Dale says this sentiment is a reality for many. Joe Biden and Donald Trump earned the first and second most votes cast for any presidential candidate in U.S. history. Dale sees this inclination to participate in politics playing out in his political science classrooms. For 15 years he has struggled to get students to see why politics matters. He no longer needs to make that case. Students clearly see the importance of the election and their vote — regardless of their political affiliation. This is because people can see a distinct difference between the candidates and major issues are at stake from the handling of the pandemic to the environment to the strength of the economy.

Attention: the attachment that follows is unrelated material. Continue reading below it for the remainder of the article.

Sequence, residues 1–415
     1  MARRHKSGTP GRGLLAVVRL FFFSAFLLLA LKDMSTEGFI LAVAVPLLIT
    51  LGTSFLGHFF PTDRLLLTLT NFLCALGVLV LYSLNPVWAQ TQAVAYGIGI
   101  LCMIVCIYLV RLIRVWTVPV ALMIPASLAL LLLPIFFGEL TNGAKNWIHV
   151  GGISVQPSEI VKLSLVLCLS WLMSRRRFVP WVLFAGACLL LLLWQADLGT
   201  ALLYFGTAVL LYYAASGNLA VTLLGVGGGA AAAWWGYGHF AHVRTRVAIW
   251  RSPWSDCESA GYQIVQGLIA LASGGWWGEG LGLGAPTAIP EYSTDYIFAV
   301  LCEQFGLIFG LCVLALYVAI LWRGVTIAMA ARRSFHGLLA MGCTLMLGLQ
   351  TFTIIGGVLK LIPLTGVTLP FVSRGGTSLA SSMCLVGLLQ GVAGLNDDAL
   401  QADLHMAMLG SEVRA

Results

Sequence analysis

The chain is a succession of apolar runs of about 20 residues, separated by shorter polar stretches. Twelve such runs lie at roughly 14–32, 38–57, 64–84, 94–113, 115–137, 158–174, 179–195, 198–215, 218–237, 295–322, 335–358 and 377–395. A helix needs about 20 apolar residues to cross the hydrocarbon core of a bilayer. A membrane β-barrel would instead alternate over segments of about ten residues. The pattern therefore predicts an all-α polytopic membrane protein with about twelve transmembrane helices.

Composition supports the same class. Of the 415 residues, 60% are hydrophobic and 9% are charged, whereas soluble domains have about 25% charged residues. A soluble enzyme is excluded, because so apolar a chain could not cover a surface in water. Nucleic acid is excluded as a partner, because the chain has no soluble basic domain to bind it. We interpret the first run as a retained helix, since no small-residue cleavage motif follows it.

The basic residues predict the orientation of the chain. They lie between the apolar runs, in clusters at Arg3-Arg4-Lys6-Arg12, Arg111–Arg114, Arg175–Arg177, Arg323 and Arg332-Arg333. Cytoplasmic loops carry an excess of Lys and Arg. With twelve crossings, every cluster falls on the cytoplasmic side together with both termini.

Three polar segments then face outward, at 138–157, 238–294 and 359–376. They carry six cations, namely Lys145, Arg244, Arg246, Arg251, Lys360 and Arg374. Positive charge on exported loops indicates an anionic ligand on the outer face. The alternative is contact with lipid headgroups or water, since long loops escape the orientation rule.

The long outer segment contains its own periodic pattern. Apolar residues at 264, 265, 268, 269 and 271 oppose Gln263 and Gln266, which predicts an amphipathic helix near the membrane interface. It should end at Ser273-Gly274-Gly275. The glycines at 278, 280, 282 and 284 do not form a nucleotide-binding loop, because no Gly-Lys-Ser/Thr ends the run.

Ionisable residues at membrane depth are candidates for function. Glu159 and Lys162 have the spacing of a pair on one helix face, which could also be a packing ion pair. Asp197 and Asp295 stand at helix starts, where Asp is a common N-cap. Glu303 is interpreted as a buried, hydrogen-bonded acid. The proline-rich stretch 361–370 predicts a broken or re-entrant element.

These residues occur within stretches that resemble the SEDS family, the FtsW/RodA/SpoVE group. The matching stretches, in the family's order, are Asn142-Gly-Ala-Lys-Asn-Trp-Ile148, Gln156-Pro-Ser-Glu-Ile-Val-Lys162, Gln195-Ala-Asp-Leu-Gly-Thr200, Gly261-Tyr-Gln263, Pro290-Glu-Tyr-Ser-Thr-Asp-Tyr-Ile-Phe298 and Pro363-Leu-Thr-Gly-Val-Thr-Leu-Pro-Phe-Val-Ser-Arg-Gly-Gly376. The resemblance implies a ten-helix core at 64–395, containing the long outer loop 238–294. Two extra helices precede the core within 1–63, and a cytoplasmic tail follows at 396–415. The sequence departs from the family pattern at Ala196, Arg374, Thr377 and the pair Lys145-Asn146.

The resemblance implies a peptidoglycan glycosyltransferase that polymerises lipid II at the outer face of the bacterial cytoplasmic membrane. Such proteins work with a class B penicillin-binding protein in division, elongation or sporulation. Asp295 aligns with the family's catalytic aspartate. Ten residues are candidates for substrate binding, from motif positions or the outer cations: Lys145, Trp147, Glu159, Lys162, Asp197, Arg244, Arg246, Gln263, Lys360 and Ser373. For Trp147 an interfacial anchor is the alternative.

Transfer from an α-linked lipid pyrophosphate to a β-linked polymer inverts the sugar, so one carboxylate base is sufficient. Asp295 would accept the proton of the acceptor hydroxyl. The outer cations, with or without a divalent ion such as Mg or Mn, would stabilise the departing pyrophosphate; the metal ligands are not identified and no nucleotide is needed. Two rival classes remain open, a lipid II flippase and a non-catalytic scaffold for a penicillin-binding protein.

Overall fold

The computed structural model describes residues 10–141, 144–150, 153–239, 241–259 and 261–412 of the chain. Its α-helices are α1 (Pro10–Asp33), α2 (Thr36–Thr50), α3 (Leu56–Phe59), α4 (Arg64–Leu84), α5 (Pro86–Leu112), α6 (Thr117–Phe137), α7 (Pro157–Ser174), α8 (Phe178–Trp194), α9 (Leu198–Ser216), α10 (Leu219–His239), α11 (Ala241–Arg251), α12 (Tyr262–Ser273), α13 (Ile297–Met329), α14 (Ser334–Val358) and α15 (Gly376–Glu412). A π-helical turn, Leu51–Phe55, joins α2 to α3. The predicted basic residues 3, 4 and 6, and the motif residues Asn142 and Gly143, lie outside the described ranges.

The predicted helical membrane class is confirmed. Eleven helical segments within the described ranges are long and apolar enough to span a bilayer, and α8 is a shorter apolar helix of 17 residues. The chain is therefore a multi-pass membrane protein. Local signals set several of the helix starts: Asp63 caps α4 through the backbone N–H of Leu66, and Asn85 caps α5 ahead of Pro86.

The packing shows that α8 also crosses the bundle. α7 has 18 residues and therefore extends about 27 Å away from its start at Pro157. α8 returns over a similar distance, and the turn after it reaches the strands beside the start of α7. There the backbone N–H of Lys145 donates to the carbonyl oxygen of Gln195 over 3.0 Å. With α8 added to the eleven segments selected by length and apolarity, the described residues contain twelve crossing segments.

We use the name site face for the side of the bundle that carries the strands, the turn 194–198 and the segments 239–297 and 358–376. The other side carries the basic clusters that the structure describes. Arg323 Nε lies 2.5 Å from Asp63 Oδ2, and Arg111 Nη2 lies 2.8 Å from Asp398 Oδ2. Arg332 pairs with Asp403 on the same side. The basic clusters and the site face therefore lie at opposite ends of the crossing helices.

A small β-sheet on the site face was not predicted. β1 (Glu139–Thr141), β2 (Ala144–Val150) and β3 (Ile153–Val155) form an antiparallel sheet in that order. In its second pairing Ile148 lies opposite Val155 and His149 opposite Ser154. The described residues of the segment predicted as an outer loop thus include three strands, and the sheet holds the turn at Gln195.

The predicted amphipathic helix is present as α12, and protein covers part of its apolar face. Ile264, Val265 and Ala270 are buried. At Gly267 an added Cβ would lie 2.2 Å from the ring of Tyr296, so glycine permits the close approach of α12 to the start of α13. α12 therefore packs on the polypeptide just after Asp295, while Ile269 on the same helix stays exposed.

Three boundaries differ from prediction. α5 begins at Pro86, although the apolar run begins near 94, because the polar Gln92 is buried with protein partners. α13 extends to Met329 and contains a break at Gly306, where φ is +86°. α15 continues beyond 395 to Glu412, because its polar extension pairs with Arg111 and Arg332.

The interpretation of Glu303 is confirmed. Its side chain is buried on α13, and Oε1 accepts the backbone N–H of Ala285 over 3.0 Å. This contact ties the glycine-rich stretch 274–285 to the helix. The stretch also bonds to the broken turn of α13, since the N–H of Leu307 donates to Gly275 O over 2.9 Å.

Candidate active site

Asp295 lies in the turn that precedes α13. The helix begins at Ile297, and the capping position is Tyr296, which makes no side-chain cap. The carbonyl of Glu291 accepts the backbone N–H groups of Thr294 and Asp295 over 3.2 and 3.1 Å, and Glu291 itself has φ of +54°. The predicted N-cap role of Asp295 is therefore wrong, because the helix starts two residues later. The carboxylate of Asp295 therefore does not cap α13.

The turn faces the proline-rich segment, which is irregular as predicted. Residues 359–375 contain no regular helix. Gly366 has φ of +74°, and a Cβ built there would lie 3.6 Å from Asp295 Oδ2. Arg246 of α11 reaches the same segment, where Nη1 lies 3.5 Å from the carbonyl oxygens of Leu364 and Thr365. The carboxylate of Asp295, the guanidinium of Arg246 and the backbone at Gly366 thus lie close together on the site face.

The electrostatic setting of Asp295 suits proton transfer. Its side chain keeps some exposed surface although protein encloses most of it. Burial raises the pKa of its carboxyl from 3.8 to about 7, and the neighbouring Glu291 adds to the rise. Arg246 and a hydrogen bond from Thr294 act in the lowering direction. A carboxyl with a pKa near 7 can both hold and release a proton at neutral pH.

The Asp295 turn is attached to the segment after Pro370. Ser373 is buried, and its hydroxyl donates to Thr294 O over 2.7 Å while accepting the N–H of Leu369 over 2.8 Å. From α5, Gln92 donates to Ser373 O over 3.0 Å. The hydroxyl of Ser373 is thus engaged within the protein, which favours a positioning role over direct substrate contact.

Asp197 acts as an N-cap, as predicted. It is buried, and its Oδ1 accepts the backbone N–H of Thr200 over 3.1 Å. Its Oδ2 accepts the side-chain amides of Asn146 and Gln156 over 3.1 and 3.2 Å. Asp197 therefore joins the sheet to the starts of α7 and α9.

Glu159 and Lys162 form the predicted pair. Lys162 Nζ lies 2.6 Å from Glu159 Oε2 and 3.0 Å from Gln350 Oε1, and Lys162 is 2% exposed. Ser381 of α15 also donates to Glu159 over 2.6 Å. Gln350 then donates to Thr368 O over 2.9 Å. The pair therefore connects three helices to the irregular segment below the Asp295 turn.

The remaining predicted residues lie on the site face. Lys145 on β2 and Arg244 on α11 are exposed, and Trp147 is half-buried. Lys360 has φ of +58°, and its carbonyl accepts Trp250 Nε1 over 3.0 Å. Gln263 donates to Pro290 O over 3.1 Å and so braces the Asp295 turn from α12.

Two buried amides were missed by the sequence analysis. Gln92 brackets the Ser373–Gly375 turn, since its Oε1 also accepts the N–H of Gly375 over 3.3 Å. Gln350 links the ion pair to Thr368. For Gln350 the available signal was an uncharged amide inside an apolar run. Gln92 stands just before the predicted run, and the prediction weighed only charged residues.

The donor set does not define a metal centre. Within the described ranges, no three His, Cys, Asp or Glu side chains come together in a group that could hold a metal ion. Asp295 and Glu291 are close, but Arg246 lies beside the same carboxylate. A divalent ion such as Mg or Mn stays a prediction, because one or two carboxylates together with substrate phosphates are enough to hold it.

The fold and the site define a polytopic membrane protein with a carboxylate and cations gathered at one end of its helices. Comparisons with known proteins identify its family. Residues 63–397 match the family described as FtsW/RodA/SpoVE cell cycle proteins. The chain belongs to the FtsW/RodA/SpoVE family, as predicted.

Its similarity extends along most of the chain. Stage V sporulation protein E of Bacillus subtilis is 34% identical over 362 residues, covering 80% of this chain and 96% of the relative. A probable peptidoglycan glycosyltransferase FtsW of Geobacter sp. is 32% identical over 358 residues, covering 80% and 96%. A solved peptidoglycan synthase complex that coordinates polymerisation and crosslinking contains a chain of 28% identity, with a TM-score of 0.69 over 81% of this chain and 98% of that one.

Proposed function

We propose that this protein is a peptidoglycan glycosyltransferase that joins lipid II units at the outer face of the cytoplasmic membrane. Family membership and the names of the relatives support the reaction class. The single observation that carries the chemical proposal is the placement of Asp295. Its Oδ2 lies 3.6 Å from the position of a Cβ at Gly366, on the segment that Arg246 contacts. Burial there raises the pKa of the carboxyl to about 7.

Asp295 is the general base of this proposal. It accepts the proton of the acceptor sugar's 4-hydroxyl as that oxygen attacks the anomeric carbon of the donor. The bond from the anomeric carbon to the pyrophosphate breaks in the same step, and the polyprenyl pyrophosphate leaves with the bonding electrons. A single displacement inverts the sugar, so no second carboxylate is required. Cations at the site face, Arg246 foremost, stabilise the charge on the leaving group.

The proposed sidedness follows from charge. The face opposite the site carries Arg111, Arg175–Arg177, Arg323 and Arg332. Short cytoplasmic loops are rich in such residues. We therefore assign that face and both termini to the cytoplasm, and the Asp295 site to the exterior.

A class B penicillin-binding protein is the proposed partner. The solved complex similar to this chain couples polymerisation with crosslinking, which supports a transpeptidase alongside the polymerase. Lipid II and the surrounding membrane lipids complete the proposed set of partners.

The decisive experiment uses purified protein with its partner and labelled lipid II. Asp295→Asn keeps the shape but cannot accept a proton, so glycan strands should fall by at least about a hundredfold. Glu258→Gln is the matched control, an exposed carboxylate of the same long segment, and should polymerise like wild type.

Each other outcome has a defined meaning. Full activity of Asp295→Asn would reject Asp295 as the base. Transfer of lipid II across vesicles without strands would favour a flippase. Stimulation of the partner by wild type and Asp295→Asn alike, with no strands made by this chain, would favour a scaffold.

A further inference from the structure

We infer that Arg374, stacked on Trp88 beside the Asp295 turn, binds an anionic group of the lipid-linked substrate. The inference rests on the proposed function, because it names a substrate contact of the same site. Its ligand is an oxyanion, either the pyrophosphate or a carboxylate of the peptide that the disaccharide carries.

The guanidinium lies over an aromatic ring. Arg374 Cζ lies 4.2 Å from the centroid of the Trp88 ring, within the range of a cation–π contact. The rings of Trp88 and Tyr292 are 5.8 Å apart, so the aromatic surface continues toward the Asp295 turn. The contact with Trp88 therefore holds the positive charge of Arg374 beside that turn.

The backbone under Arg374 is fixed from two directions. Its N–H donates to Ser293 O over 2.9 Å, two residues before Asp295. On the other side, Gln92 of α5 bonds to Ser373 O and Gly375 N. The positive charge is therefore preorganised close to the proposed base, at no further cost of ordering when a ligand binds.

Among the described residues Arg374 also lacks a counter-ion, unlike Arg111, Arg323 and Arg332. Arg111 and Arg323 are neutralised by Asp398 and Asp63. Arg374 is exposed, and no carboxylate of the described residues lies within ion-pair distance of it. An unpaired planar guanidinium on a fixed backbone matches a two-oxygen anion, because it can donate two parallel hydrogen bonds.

Watch: Tim Dale’s TEDx talk on “How to talk politics and keep friends”
Dale featured on What’s New Wednesdays series
The UW-La Crosse Alumni Association featured Tim Dale’s presentation on “How to Talk Politics and Keep Friends” as part of the What’s New Wednesdays virtual series in November. Once a month the Alumni Association features a different topic, engaging alumni around the world. Sessions are free but pre-registration required.
“While I personally can’t wait until we can return to some type of face-to-face programming, these virtual options are keeping alumni connected to each other and to the UWL during the pandemic,” says Janie Morgan, executive director of the UWL Alumni Association. “Each month, we’ve seen an increase in total attendees, as well as the number of alums from different decades.”
Next What’s New Wednesday
Noon-1 p.m. Wednesday, Dec. 16. Rotary Lights and UWL’s role in making the annual tradition special.
(tentative upcoming in the series)
- January: Wine pairings just in time for Valentine’s Day
- February: Campus/COVID update
- March: Community Engagement – how you too can get involved